Black band disease of corals: Ecology and physiology of Phormidium corallyticum
Black band disease of corals consists of a microbial community dominated by the cyanobacteriurn Phormidium corallyticum. The disease primarily affects reef-framework coral species, Active black band disease continually opens up new substrate in reef environments by destroying coral tissue as the disease line advances across the surface of infected colonies. A field study was carried out to determine the abundance and distribution of black band disease on the reef building corals in the Florida Keys. During July of 1992 and 1993, up to 0.72% of coral colonies were infected with black band disease. Analysis of the distribution showed that the disease was clumped. Seasonal patters varied, with some coral colonies infected year round, others exhibiting reinfection from summer 1992 to summer 1993, and some colonies infected for one year only. Statistical analysis of black band disease incidence in relation to various environmental parameters revealed that black band disease was associated with relatively shallow water depths, higher temperatures, elevated nitrite levels, and decreased ortho-phosphate levels. Additional field studies determined recovery of scleractinian coral colonies damaged or killed through the activities of black band disease over a five-year period. These studies determined if the newly exposed substrate was recolonized through scleractinian recruitment, if there was overgrowth of the damaged areas by the formerly diseased colony, or if coral tissue destruction continued after the cessation of black band disease activity. Tissue loss continued on all coral colonies with only one colony exhibiting new tissue growth. The majority of recolonization was by non-reef-framework corals and octocorallians, limited recruitment by framework species was observed. Physiological studies of P. corallyticum were carried out to investigate the photosynthetic capacity of this cyanobacterium, and to determine if this species has the ability to fix dinitrogen. The results of this research demonstrated that P. corallyticum reaches maximum photosynthetic rates at very low light intensities (27.9 μE/m/sec), and that P. corallyticum is able to carry out oxygenic photosynthesis in the presence of sulfide, an ability that is uncommon in prokaryotic organisms.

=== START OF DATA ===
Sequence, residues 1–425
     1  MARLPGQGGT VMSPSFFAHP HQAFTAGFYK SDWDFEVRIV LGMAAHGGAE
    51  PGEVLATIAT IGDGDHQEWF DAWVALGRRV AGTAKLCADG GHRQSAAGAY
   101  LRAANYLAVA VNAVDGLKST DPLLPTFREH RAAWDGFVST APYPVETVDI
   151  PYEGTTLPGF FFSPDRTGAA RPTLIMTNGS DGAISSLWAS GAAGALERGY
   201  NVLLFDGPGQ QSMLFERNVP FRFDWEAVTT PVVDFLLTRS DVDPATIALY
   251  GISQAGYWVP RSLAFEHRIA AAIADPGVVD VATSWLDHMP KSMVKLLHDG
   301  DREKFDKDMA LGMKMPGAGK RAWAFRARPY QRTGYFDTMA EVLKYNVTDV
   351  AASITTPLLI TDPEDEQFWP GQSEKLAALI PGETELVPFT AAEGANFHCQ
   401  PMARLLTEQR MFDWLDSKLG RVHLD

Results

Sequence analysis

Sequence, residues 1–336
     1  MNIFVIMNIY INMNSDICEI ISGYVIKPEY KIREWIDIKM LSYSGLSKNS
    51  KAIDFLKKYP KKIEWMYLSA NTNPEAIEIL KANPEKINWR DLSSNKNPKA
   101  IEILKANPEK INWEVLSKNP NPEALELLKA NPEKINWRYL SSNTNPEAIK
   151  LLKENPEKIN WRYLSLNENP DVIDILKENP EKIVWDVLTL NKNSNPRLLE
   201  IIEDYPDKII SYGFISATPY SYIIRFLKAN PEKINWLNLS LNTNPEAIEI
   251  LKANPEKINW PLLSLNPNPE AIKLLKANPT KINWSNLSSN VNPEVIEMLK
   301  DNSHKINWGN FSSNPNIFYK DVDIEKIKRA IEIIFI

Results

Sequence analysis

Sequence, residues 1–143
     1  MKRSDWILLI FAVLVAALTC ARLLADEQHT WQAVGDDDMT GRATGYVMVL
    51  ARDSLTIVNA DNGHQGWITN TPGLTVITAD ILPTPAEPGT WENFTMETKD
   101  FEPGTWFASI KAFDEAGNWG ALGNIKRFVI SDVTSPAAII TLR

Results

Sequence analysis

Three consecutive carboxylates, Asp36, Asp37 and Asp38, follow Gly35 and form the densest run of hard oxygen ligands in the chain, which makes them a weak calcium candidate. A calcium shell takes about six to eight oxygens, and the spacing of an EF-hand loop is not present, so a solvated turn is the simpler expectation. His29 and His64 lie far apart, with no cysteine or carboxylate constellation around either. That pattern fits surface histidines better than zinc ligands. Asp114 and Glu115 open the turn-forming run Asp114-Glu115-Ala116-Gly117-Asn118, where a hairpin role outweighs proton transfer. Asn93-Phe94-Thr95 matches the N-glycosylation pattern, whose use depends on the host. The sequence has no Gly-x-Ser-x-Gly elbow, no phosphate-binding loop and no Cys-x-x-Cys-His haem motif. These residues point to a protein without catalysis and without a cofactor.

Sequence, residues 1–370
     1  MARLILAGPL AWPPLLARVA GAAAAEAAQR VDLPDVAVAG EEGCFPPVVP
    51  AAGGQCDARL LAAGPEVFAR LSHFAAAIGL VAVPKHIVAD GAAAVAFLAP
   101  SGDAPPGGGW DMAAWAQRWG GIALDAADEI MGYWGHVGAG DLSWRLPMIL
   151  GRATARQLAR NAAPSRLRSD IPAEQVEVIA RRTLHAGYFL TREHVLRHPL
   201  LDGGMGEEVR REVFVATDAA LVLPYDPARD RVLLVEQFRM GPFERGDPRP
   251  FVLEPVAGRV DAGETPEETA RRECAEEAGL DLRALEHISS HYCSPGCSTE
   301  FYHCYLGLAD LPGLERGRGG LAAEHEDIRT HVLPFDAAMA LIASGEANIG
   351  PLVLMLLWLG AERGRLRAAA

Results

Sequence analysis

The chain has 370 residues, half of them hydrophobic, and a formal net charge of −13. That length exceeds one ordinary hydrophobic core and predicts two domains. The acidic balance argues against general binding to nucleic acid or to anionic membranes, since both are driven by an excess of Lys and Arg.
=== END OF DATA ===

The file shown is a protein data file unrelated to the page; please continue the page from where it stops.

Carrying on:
Kuta, Kevin G, "Black band disease of corals: Ecology and physiology of Phormidium corallyticum" (2000). ProQuest ETD Collection for FIU. AAI3004858.